I won my first balloon ride as a sales contest, first prize in Del Mar, California. Liking the experience, I moved to Albuquerque New Mexico, known as the balloon capital of the world. There I learned to be chase crew. After a few years I decided to earn my private pilot’s license and certificate. Later I earned my commercial/instructor’s license and began to teach part time at the flight school all the while running my computer business.
While at the school, I received a telephone call from a commercial ride operator in Pennsylvania who asked if I would consider flying tours full time which I accepted. Since it was seasonal I often would return to Albuquerque and fly part time. After my last season in Pennsylvania, I received a call from a former flight school student who worked for a company in Canada and asked if I would be interested in being the Chief Pilot in Las Vegas, Nevada for their operations. I accepted figuring that I would spend the “off season” in Vegas and return to Pennsylvania when the weather got too hot. That was 3 years ago. Since then we started our own tour company specializing in premium hot air balloon tours.
I have written 3 books on my experiences while ballooning. “God Controls the Wind, I Control the Burner”, “What’s that Noise” (children’s book) and “It’s more than Hot Air.”
If you could only fly a visitor to one place in Las Vegas, where would you go?
The winds determine the direction we fly so each tour is different. I love to catch the winds to the southwest from our usual launch field. I attempt to go high first, to catch a great view of the Strip (we cannot fly over the restricted airspace of the Strip), Lake Mead and the Las Vegas Valley. Then if the winds cooperate I catch the northeast wind and play in the mountains where miners used to dig for silver (Nevada is the Silver State). There is a series of smaller mountains that remind me of a miniature Grand Canyon. Later I love “buzzing” the mountains which is fun and provides some great pictures.
We like to say. “You can take a ride anywhere but if you want an experience fly with us”. We are a smaller family owned and operated balloon tour company. Unlike the other operators in the area that fly the “cattle car” 12 passenger baskets, our largest balloon holds a maximum of 6 people. We have the only easy access ramp basket in Nevada and the maximum safety featured American made equipment.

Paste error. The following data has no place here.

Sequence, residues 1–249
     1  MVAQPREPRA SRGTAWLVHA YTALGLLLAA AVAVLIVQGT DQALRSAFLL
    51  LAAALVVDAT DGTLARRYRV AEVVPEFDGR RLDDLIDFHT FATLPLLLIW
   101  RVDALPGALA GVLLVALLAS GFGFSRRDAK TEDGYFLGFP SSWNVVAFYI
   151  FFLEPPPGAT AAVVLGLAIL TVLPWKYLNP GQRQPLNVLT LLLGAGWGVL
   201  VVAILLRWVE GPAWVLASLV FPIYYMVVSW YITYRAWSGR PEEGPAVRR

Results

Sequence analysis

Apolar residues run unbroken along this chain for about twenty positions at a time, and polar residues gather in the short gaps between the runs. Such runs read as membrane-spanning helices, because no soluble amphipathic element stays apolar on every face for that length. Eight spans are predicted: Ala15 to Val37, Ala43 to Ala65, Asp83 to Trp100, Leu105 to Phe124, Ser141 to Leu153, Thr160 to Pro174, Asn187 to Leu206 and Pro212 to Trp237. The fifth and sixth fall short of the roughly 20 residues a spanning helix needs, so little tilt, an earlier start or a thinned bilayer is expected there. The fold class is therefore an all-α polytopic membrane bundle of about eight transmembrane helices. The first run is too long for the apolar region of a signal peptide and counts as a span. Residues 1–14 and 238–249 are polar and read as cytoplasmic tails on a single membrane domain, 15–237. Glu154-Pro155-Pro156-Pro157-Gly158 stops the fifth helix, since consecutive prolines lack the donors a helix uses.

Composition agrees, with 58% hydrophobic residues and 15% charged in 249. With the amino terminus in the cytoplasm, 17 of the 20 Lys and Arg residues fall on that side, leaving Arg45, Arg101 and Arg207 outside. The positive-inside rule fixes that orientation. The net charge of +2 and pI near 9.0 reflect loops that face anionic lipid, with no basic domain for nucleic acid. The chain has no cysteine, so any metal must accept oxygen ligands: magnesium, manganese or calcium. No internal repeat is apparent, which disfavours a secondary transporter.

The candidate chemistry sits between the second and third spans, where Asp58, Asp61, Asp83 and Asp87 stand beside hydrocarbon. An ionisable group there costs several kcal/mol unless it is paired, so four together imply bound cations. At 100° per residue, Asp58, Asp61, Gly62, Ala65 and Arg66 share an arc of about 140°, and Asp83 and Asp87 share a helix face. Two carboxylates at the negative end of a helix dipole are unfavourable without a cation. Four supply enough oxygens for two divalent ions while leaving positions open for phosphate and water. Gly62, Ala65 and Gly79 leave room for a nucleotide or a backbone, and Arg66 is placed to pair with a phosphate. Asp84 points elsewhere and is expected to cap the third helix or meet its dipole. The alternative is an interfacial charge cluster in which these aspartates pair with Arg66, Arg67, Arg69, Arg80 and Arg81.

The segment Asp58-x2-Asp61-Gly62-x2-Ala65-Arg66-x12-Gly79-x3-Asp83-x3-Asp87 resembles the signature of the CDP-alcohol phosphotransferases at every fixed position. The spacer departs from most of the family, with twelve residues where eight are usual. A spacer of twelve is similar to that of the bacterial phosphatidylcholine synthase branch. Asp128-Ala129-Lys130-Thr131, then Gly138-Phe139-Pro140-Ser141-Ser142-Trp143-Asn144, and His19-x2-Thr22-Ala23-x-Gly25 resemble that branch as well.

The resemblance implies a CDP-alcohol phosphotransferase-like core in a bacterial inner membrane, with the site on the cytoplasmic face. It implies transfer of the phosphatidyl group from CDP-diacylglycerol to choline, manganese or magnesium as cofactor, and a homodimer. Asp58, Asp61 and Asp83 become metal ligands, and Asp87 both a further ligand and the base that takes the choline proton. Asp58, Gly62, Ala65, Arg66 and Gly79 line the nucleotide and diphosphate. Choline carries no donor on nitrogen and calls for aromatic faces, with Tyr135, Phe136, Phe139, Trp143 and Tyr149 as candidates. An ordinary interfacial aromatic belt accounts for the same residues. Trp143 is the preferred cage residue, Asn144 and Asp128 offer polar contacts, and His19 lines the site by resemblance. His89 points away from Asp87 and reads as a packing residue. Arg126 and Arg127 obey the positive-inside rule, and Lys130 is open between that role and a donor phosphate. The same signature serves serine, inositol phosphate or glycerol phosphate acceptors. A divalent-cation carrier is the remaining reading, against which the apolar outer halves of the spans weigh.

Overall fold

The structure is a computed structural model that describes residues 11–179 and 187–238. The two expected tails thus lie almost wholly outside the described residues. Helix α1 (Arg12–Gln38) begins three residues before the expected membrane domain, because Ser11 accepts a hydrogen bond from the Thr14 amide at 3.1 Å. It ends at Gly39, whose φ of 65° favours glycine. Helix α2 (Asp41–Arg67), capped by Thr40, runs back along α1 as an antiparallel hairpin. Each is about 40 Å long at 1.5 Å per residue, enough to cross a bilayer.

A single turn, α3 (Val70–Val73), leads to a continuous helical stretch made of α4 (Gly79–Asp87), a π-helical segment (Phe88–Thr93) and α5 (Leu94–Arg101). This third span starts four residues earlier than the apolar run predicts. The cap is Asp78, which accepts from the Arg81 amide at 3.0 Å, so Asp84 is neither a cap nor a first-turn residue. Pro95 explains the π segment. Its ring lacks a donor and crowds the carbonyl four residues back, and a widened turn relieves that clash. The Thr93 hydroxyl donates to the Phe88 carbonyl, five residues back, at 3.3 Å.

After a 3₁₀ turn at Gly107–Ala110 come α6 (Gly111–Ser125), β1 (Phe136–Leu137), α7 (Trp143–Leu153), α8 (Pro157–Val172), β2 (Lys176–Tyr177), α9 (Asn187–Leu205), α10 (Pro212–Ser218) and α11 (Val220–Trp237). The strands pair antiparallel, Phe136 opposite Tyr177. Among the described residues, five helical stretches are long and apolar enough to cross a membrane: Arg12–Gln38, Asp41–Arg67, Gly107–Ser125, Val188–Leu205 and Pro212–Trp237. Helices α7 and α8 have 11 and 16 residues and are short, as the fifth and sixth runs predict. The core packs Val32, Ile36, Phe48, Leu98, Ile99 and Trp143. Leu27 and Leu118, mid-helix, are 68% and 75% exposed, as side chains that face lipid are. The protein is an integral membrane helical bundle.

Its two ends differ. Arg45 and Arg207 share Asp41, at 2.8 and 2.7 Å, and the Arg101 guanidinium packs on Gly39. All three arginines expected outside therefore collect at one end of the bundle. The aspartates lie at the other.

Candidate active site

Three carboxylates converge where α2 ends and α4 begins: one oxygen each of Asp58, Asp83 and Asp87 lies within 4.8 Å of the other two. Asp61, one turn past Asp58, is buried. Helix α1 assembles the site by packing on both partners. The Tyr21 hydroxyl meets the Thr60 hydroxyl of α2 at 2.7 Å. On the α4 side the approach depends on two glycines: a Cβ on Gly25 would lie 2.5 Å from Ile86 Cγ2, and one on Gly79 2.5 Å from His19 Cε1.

We specialize in engagement, wedding, and private rides. Our post flight celebration and toast is the best in Vegas with each passenger leaving with included mementos. We do offer 2 passenger private rides in a traditional basket too.
In reading your website, being part of and contributing to the community seems to be important to you. Could you tell us more about how you and your team give back?
Vickie Smith (owner/manager) is very sensitive to those with mobility restrictions. While she was teaching a Healing Touch® class we had space to fly some students. One of the students had numerous leg joint replacements and was “challenged” by the four-foot wicker basket wall. Our professional flight crew was able to get her in and out but only with some embarrassment and frustration.
As a result, Vickie and Kevin began a quest to find a basket that would expand the experience to those with mobility restrictions. Also, they filed and were granted nonprofit status for Chariot of Fire Inc. With the nonprofit in place, the tour donates a portion of each flight’s profit to the nonprofit to provide life changing experiences to those who otherwise would never experience a hot air balloon flight.
What is the best part of your job?
I love to watch my passengers as they experience “flying without wings.”
I landed in a small commuter airport in the grass between the runway and the hangers. The airport manager drove out in his golf cart and said “You do realize this airport is only for aircraft” in which I replied ”I didn’t drive here” (all commercial balloons are certified and registered as aircraft).
Every job has its ups and downs. Are there any aspects of your job that you don’t like or aren’t that keen on?
Although hot air ballooning is still considered an extreme sport, it has many safety redundancies that make it a safe experience. Occasionally spectators call public safety stating that we are crashing or on fire when in fact we are landing. Therefore, I welcome opportunities to speak and share with civic clubs and homeowner associations to explain how balloons fly and land.
When you’re not busy guiding tours – what’s your favourite thing to do?
I enjoy traveling, seeing new places. I have been around the world twice.
Tell us something about ballooning that only someone in the industry would know.
Propane boils at -43F. Our burners project at least 14,000,000 BTU’s of heat 20 feet inside our balloons. Our primary balloon envelope has as many stitches as there are miles between the Earth and Moon (239,000)
In your view, what makes a good tour guide?
Professionalism, experience, safety, understanding of the experience, and having FUN!
And finally, have you got any tips for people who are interested in booking a ballooning tour, but aren’t too sure what to look for?
Decide what you want your experience to be, “a city bus tour or limo tour.” Talk to the owners, ask questions. On our website we have a page called “Know before you go.” Which has lots of answers to tips to ask.